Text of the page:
Another little pause for breathing—an act that had become considerably more difficult over the past few minutes. Zach cleared his throat.
The third movement was Marche funèbre: Lento. A slow funeral march. But there were documents in which Chopin simply called this movement “a march,” without the additional descriptor. The movement began in the minor and switched to major, then back to minor, back to major…
…as any funeral, birth, or life in general tended to switch from happiness to sadness, then back to happiness. Maybe that was why the word “funeral” wasn’t necessary.
Zach could feel the sweat creeping down his forehead. Playing for twenty-five minutes straight was no walk in the park and he’d just entered the eighteenth minute—
—for another brief pause before the last movement.
Zach pushed his index and middle fingers between the front of his neck and the shirt collar. He couldn’t breathe. His hands were shaking. He wiped the sweat from his face with the sleeves of his suit. A shame to have to use cashmere for such a purpose, but it couldn’t be helped. He heaved in and out.
What on earth was going on?
He glanced at the audience. As before, it existed more like a concept rather than with any concrete reality because the stage lights prevented Zach from discerning the individual faces.
But Zach did notice a few sets of lips once more. Some were bright red, orange, or almost violet according to the latest lipstick-color fads; others moved together with thick or thin mustaches, brown or black or gray, well-groomed or messy. But the lips had one thing in common: they formed smiles.
Good. No one had noticed how odd Zach was acting. Everyone had been happy about the march.
Now, if only Zach managed to finish playing the fourth movement, he could take a longer break, albeit only for two or three minutes, backstage. Drink some water. Take off this stupid jacket that was way too tight, making him all dizzy.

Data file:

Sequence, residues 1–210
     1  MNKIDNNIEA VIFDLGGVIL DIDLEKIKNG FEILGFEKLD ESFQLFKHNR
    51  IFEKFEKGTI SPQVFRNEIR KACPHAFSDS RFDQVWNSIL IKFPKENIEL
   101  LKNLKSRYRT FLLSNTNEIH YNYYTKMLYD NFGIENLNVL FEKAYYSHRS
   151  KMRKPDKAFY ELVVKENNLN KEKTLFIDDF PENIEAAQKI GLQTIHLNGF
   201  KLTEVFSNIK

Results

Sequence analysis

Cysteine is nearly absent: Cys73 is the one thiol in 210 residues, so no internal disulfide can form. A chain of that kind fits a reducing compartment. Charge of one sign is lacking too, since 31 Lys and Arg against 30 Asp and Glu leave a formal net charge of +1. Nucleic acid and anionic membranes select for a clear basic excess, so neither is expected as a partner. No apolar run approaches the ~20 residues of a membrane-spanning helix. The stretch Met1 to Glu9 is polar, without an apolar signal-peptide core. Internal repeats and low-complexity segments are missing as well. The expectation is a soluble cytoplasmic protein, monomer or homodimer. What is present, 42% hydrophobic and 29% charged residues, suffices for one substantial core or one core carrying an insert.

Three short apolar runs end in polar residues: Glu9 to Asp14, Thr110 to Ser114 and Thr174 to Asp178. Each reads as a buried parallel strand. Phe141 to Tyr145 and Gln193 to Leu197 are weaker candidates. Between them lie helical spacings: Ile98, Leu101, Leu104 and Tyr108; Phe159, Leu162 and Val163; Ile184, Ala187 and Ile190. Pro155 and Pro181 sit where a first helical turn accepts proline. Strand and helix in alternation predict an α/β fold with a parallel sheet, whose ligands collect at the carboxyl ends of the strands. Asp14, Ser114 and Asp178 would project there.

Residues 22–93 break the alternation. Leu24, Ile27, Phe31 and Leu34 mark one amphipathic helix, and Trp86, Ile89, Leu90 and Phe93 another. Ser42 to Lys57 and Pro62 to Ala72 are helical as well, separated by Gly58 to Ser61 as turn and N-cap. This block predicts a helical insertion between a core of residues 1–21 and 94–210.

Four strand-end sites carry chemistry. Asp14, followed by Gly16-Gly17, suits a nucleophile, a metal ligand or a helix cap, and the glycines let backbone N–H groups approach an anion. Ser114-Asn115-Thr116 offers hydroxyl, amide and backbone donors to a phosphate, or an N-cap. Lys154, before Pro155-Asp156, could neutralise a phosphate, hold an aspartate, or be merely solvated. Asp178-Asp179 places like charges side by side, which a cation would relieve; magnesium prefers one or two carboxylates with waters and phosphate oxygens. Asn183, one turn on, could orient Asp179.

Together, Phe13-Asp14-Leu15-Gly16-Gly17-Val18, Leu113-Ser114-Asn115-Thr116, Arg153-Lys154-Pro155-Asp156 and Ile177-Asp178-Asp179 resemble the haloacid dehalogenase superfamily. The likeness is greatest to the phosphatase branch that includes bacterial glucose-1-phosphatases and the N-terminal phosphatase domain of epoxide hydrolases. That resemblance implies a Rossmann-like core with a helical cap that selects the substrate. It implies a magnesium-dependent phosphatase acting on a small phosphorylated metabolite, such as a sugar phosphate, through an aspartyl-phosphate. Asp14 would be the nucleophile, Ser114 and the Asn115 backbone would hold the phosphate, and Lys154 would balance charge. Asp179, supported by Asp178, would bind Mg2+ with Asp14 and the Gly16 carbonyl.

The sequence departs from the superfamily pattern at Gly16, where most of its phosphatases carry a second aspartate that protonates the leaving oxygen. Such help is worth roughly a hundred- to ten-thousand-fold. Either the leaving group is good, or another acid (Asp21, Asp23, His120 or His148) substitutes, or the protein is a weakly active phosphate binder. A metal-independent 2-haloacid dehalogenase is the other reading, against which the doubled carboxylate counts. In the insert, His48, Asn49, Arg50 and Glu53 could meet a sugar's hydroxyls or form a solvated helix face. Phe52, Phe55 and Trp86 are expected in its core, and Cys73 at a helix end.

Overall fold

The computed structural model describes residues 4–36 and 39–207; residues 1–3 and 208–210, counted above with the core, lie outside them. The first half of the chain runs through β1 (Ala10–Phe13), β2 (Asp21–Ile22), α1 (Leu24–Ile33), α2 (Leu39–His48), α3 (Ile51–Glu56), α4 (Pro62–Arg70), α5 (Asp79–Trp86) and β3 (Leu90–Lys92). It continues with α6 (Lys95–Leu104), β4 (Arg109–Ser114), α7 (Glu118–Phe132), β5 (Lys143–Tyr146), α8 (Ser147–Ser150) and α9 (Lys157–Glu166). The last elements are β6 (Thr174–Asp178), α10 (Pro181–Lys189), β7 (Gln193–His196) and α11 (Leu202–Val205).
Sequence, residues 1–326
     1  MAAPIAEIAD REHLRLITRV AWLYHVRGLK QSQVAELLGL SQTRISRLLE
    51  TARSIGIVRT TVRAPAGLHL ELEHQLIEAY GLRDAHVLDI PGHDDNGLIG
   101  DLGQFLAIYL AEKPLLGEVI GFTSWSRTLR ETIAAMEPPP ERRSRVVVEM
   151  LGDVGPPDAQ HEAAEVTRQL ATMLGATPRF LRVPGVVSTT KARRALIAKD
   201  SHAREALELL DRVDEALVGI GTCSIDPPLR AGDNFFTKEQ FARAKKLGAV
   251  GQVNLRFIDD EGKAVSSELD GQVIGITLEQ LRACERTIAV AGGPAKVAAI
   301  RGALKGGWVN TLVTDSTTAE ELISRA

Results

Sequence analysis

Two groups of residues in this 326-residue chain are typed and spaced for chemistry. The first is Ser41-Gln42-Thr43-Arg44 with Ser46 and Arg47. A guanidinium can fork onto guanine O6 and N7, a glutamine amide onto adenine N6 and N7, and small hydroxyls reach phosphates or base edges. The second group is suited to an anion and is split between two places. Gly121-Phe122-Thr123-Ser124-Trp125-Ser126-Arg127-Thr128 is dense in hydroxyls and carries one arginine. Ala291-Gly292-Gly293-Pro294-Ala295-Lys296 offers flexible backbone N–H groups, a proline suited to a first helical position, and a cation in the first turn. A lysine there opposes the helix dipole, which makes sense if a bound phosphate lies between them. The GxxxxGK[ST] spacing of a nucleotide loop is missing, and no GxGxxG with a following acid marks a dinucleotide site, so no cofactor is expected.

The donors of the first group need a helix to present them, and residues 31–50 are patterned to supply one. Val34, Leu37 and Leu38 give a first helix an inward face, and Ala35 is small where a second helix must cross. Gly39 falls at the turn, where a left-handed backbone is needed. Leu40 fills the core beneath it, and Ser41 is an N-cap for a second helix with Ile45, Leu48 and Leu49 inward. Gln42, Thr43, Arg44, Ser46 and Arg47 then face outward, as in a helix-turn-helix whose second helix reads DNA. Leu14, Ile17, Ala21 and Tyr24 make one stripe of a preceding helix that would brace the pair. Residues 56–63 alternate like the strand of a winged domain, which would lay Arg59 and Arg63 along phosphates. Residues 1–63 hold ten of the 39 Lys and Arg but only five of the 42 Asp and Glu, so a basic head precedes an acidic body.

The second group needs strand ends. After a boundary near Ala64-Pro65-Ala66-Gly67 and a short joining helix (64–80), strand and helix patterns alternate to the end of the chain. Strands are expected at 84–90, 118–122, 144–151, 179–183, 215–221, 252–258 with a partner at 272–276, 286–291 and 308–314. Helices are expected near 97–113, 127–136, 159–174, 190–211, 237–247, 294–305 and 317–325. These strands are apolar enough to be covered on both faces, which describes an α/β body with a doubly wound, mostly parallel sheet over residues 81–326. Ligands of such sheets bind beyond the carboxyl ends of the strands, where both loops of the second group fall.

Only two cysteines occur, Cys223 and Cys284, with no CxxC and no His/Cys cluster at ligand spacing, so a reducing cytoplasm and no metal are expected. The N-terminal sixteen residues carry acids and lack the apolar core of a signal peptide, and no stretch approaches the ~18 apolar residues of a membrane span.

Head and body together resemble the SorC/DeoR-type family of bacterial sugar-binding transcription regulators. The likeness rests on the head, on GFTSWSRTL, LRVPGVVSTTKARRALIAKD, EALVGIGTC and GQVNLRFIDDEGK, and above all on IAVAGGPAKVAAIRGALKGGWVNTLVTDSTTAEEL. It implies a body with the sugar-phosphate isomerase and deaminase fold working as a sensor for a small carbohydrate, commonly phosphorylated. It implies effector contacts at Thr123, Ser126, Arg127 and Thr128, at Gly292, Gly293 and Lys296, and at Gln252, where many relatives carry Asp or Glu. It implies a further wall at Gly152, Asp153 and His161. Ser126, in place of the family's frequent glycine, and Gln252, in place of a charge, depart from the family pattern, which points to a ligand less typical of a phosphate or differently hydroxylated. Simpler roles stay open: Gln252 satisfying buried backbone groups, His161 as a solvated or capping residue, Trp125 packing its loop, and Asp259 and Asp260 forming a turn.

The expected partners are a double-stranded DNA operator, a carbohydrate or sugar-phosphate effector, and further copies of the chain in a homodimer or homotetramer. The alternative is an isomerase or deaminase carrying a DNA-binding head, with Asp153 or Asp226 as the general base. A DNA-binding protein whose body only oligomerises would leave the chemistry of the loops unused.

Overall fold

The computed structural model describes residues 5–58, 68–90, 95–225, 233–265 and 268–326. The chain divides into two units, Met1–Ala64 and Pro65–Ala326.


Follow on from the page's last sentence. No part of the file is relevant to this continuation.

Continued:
The final movement began. Once again, his fingers danced without his brain needing to process anything consciously. The music carried him. It had to. He had barely any energy left inside him for presto, presto, presto, which the Finale required.
What a weakling, to break down under the pressure of a hundred-person audience. At thirty-two years old, he’d finally faced the biggest audience of his life and this was how he failed to make the most of it.
Maybe Angeline had just tried to save him from embarrassment. She’d never told to his face but she’d known that he was too weak for tonight’s performance.
The Finale had barely any discernible melody. And it definitely lacked any pause. Zach’s heart hammered—
—until he slammed the final chord—
—his torso tipped forward—
—he slammed on the keys—
—he slipped from the seat and fell on the floor.
The audience gasped. Zach blinked. All he could see were the bass and treble legs of the piano. His face was going to explode. He could feel the veins standing because something had clogged and blood couldn’t flow.
Maybe this problematic state was what caused him to think that he heard laughter amidst the gasps of the audience. A sort of auditory hallucination. Because, it’s impossible, isn’t it? For people to laugh at someone in so much pain?